CFTC seeks default order against futures trading fraudsters

Maria Nikolova

The CFTC is requesting that the New York Southern District Court issues a default order against the operators of a Ponzi scheme that solicited at least $1,191,000 from over 40 individuals.

The United States Commodity Futures Trading Commission (CFTC) has requested that the New York Southern District Court enters a default order against Hasan Sarwar and Rachida Elfrimi, operators of Profit Management, a Ponzi scheme purported to be a futures trading business.

The Motions were filed by the CFTC on November 8, 2017.

According to the CFTC findings, from at least October 2012 through at least July 2014 Defendants Hasan Sarwar and Rachida Elfrimi operated a Ponzi scheme by which they fraudulently solicited and received at least $1,191,000 from over 40 individuals who invested in what was dubbed “futures trading” in a commodity pool named Profit Management.

The scheme operated via two websites: www.profitmanagement.biz and www.lendmeforprofit.com, which both touted the Profit Management pool. These websites claimed that Profit Management had “over 15 years of successful online futures trading experience … doing exactly what the ‘Big Boys’ and the Billionaires do inside the trading pit to move the market up or down any given minute.” The scheme also made false promises about returns: one of the marketing messages said that pool participants would “Double [their] Money in Less Than 5 months.”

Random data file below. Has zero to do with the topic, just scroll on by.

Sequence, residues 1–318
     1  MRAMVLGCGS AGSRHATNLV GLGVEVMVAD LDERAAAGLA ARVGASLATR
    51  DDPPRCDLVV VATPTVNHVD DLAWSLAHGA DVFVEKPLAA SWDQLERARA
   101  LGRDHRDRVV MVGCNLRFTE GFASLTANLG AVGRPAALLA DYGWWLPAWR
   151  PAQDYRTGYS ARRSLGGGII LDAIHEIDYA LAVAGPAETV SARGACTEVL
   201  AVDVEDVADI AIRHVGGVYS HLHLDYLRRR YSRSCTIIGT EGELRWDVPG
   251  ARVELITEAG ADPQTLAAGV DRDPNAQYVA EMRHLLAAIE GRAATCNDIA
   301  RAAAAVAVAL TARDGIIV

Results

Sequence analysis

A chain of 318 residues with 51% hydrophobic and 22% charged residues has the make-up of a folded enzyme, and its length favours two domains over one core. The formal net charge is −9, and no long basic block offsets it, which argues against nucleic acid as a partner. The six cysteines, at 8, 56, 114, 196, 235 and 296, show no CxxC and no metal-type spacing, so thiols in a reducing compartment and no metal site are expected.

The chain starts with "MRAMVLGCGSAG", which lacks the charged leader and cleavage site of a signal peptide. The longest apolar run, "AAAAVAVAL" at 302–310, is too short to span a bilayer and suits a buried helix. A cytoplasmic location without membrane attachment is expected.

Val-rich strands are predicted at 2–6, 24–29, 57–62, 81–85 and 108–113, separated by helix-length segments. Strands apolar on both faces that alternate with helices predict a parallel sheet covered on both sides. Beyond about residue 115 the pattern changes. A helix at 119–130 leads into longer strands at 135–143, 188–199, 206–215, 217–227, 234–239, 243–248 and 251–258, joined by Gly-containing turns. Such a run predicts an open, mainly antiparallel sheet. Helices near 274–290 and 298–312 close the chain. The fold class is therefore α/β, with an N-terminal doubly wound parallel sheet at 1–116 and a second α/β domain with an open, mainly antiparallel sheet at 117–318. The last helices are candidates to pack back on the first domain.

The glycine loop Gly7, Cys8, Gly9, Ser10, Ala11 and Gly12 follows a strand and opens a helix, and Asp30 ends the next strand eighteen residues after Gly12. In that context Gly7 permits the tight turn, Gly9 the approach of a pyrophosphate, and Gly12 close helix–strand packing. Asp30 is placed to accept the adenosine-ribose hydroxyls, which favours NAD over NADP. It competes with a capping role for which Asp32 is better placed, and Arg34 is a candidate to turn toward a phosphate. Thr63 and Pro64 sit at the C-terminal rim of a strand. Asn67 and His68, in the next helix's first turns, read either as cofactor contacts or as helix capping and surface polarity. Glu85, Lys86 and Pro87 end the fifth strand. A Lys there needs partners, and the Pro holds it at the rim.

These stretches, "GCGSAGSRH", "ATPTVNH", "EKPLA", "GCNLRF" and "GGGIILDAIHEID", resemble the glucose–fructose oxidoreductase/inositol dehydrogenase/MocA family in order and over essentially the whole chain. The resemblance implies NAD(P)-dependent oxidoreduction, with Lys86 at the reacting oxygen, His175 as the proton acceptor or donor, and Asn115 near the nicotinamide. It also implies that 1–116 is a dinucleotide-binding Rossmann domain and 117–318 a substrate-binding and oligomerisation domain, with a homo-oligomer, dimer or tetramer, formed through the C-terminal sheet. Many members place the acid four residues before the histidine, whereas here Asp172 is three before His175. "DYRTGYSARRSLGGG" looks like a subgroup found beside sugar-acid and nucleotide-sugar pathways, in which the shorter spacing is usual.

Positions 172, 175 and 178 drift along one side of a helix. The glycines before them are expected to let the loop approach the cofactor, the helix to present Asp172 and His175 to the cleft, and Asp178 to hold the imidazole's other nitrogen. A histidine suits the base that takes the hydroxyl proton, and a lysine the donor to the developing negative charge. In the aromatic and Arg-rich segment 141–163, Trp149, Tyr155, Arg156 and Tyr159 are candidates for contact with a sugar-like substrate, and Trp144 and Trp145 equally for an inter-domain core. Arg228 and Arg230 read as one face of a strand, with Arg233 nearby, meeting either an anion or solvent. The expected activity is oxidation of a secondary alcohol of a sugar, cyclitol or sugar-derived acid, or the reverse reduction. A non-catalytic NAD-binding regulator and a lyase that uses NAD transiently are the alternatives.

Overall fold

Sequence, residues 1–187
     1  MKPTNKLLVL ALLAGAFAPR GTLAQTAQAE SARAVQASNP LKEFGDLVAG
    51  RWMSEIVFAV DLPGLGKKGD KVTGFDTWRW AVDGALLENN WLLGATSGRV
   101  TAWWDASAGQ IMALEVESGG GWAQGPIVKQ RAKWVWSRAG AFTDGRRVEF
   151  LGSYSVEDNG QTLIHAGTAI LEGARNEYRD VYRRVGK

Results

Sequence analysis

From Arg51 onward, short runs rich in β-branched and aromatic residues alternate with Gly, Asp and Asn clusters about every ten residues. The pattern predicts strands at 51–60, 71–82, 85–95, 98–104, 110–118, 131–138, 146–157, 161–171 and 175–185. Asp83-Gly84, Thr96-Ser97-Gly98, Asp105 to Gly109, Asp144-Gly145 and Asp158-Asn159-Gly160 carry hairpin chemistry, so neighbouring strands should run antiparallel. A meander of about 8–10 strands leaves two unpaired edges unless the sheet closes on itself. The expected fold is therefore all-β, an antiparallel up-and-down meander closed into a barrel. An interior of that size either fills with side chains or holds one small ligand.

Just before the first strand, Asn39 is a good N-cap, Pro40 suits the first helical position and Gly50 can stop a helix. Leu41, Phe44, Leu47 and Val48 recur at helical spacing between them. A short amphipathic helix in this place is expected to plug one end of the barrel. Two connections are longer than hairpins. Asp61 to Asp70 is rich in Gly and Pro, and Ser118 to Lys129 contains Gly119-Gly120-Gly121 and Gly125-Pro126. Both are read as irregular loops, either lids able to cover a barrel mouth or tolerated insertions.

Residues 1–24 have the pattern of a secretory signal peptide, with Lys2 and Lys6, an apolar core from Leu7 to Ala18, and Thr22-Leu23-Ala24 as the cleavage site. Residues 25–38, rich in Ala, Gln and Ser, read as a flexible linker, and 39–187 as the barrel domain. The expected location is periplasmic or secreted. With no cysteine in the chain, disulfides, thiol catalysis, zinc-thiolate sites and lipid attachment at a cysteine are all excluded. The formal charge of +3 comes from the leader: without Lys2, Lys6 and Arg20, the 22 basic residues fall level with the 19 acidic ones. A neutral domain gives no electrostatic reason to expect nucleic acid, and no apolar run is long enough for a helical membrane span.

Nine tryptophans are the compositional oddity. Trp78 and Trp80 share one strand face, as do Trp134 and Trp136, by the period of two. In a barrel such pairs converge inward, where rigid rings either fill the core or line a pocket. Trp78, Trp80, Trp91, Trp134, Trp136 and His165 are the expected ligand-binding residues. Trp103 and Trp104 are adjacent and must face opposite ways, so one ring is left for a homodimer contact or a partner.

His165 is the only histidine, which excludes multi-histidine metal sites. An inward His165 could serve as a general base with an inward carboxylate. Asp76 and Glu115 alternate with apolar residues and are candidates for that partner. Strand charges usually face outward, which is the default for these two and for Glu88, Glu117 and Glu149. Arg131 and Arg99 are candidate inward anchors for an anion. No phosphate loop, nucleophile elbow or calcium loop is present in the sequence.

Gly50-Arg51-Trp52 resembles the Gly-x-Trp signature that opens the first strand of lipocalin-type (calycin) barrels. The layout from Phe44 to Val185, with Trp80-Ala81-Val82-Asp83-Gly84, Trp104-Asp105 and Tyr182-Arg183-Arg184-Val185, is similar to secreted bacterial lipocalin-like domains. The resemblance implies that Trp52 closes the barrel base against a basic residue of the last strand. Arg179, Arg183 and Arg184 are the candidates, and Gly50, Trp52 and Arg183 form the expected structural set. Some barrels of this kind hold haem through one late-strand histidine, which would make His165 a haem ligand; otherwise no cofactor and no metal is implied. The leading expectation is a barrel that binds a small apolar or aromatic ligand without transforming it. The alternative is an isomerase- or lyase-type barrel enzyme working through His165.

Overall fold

In reality, the pool did not engage in any futures trading and Sarwar engaged in unprofitable futures trading for his own account, whereas the pool had not earned any futures trading profits. The pool participant funds were not placed in a Profit Management pool account under the name of a separate legal entity, but were instead deposited into bank accounts held in the names of and controlled by Sarwar and Elfrimi. Sarwar then transferred some of the money received from pool participants to a trading account held under his name. The rest of the money was used either for business or personal expenses, or Ponzi-style payments to pool participants from other participants’ funds.

The defendants are accused of, inter alia, fraud in connection with sale or purchase of futures contracts, failure to operate a commodity pool as a separate legal entity and commingling of pool funds, as well as of failure to register as CPOs.

The CFTC asks the Court to enjoin Defendants’ unlawful acts and practices and to compel their compliance with the Act. In addition, the Commission seeks civil monetary penalties, restitution, disgorgement, and remedial ancillary relief, such as trading and registration bans, rescission, pre- and post-judgment interest.

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